Is Paul Ceglia hiding out in Ireland?
Facebook co-founder Mark Zuckerberg thinks so and says as much in new court papers that suggest Ceglia's high-profile suit against the social networking giant is crumbling around him.
"Ceglia himself has fled to Ireland where from his apparent hideout, he is now directing his lawyers to defy orders of a federal court," a lawyer for Zuckerberg said in new court papers.
Sensing blood in the water, Zuckerberg argues in his latest court filing that Ceglia, a Wellsville resident, is trying to avoid court-ordered sanctions against him.
He also suggested to the court that, given the seriousness of the allegations against Ceglia, he should be ordered to appear in Buffalo federal court in person.
"Ceglia's case is crumbling around him," Orin S. Snyder, one of Zuckerberg's lawyers, said in new court papers seeking sanctions again Ceglia and his lawyers.
Snyder's colorful characterization of Ceglia's lawsuit -- he claims he owns half of the $50 billion company -- came just a week after Ceglia's lawyers documented his refusal to comply with an important order by U.S. Magistrate Judge Leslie G. Foschio.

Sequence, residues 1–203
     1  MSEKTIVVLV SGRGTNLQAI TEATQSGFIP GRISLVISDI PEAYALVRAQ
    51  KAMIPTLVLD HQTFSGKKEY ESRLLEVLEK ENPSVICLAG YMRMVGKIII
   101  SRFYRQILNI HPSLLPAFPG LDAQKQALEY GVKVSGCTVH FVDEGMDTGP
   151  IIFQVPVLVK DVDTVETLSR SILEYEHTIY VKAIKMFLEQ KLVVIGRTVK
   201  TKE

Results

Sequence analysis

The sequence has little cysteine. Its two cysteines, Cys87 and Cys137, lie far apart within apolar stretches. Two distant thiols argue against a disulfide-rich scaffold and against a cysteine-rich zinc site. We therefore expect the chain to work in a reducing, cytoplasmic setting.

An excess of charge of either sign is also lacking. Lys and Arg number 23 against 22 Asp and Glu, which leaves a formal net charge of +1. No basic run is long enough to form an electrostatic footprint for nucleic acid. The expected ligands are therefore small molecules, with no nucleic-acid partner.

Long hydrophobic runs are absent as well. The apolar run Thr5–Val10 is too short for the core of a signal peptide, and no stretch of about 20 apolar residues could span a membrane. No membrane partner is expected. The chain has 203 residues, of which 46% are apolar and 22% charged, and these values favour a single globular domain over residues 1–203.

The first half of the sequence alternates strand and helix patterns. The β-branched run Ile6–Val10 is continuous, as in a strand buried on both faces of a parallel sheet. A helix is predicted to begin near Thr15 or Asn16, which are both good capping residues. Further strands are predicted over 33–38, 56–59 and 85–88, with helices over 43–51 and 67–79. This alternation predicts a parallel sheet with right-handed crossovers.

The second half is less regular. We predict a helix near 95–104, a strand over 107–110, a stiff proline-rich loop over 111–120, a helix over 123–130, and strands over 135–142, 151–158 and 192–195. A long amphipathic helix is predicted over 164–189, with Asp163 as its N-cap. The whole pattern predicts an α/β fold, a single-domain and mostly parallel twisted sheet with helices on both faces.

The lawyers, in affidavits filed Friday with the court, said they went to great lengths to get Ceglia to comply with Foschio's order requiring the release of personal email account information, and that their client initially refused.
"These admissions -- made publicly and under oath by Ceglia's own lawyers -- confirm the need for severe sanctions," Snyder said.
Snyder, who wants Ceglia to foot the bill for Facebook's legal costs, went on to suggest that Ceglia should be ordered back to Buffalo to appear before Foschio.
"In light of Ceglia's brazen defiance of court orders -- and the serious charges leveled against him by his own attorneys -- this court may wish to order Ceglia to personally appear," Snyder said.
Ceglia eventually agreed to Foschio's demands for the email account information but only after he was ordered to do so by U.S. District Judge Richard J. Arcara.
Facebook wants access to the accounts to try to disprove Ceglia's claims that when he hired Zuckerberg for another project, he also gave him money to start Facebook.
Ceglia's lawsuit claims he and Zuckerberg entered into a contract in 2003 that now gives Ceglia a 50 percent interest in Facebook.
Facebook has countered by accusing Ceglia of using "a fraudulent contract and fabricated emails" as the basis for his lawsuit.
Lawyers for Facebook and Ceglia declined to comment Monday.